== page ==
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Sunday, 22 October 2017
NO school in the Henley area will have its budget cut as a result of proposed changes in their method of funding, John Howell has pledged.
The Henley MP says every school in the constituency will now see its funding increase in real terms every year if the Conservatives win next Thursday’s general election.
His opponents said the Tories would still cut school budgets through other policies.
Mr Howell spoke after a meeting with Education Secretary Justine Greening and education minister Nick Gibb about plans to introduce a national funding formula.
The Government says this would be fairer than the current system under which education authorities like Oxfordshire County Council calculate the amount of money each school needs. This means that similar schools in different parts of the county receive vastly different amounts.
However, after details of the new formula were announced earlier this year, it was revealed that almost every primary school in South Oxfordshire would receive up to three per cent less money. Gillotts School in Henley would have seen its budget shrink by 1.1 per cent, about £40,000, while Chiltern Edge School in Sonning Common, which is now under threat of closure following an “inadequate” Ofsted report, would have been the only secondary to benefit.
Now the Conservatives have backtracked after protests by some of their own MPs, including Mr Howell and Reading East MP Rob Wilson, who took up the issue with ministers.
The party’s manifesto states: “We appreciate that it is hard for schools receiving a higher level of funding to make cuts in order to pay for increases elsewhere, so while we will make funding fairer over the course of the parliament we will make sure that no school has its budget cut as a result of the new formula.”
This will be funded by dropping the commitment to free school lunches for every child in the first three years of primary school and instead offering free breakfasts and only giving free lunches to those from low-income families.
Mr Howell said: “I can give Henley schools the assurance that they will not lose out on two grounds: firstly, it is in the manifesto and, secondly, I have discussed it personally with the Secretary of State.
“It is a very good example of how you can get a positive result by having a constructive dialogue on the issue. The changes were being put out to consultation and the concerns we raised were a valid response to that process.
“It was ridiculous to see so many schools at risk of losing out and I made the point that there was something wrong with the ‘deprivation index’ being used to calculate the change, which was taken on board.
“I spoke with the governor of one school who said it was excellent news and that I should send a note around informing people of this, though I pointed out that it is difficult to do so in the run-up to an election.”
Despite opposing cuts to school budgets, Mr Howell supports the principle of a national schools funding formula.
In December 2015 he presented a petition to Parliament signed by 592 constituents which said Oxfordshire was disadvantaged by the current arrangements.
He has described the existing model in England as “arbitrary and unfair” as the country’s best-funded areas have received grants of £6,300 per pupil on average compared with £4,200 per pupil in worse-off regions.
But when it emerged that most schools in the Henley area would lose out, he said this was “unacceptable” and pledged to put “quiet pressure” on the Government to make the new formula work in their favour.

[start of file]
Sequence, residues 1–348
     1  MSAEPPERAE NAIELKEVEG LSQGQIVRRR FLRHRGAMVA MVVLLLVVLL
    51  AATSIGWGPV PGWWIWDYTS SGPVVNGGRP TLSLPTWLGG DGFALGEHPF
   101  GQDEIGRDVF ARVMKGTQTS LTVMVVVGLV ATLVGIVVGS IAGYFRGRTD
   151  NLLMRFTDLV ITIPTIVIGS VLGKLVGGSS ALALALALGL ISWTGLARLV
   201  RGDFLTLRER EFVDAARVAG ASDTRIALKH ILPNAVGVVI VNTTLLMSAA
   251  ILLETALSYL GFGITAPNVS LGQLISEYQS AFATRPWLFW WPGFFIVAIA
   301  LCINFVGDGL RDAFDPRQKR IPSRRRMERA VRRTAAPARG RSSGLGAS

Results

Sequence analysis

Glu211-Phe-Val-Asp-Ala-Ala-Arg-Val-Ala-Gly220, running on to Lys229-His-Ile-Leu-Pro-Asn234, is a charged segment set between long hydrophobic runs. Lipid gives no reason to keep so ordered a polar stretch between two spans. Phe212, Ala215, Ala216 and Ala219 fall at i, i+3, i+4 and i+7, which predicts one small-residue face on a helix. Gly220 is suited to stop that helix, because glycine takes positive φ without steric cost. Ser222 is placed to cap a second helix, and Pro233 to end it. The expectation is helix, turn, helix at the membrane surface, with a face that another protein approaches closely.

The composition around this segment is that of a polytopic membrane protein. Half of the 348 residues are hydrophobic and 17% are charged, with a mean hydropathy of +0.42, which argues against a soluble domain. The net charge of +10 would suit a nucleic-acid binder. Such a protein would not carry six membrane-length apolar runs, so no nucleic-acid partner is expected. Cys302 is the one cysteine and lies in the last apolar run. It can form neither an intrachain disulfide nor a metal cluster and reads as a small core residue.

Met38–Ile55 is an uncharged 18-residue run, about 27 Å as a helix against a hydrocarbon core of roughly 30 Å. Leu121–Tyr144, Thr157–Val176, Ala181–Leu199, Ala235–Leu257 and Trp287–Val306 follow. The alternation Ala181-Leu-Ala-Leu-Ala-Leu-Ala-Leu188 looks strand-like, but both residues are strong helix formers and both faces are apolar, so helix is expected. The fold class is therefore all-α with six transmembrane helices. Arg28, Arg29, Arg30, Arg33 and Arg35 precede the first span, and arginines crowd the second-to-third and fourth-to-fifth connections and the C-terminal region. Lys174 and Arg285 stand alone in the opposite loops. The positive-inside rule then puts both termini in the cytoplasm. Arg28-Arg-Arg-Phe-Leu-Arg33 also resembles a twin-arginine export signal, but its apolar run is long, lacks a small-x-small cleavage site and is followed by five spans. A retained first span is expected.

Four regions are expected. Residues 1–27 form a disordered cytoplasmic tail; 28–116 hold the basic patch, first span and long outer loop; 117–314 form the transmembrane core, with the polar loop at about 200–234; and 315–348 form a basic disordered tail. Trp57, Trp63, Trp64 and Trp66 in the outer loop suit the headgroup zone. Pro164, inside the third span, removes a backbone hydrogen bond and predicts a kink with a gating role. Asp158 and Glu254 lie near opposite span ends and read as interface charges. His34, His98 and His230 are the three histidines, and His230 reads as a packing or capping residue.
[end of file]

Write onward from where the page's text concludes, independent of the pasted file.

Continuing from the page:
Oliver Kavanagh, who is contesting the Henley seat for the Labour Party, said: “Labour also supports the introduction of a national schools funding formula and recognises that Oxfordshire is disadvantaged under the current system.
“However, beyond the Conservatives’ pledge we would also increase funding for schools generally. We’ve seen cuts in real terms to schools in and around Henley and this is holding pupils back and limiting their choices.
“I’ve heard of schools asking parents for money to cover shortfalls or asking children to purchase their own art materials, which is not acceptable.”
Liberal Democrat candidate Laura Coyle said: “I would stress that the Conservatives are planning to cut their free school lunch programme, which was introduced when we were in coalition.
“It took a lot of effort to get that provision up and running and it seems a shame to undo it now, particularly as the alternative breakfast programme has not been properly costed.
“I’m also against proposals to launch grammar schools, which would be a disaster for poorer pupils and a barrier to social mobility rather than giving access to a good education for all.”
Robin Bennett, the Green Party candidate, said: “It’s laughable that Mr Howell would be claiming to support education when the Conservatives endorse the wasteful academy programme, which has no evidence to back it up and is less accountable.
“Because of their illogical attachment to academies, local authorities have been stripped right back and schools often struggle to speak to anyone because so many support staff have been laid off.”
Patrick Gray, who is standing for the Radical Party, said: “This development is welcome but there remains a serious deficit in funding.
Because of increasing pupil numbers, the schools system needs £2 billion a year and at the moment we’re expecting funding per pupil to decrease over the coming years.”
On election day, polling stations will be open from 7am to 10pm and include Henley town hall, Henley leisure centre in Gillotts Lane, Trinity Hall in Harpsden Road and the Christ Church Centre in Reading Road, Henley, and the village halls in Benson, Goring, Kidmore End, Harpsden, Whitchurch, Eye and Dunsden, Shiplake, Sonning Common, Pyrton, Nettlebed, Bix and Assendon, Rotherfield Greys, Stoke Row and Peppard.
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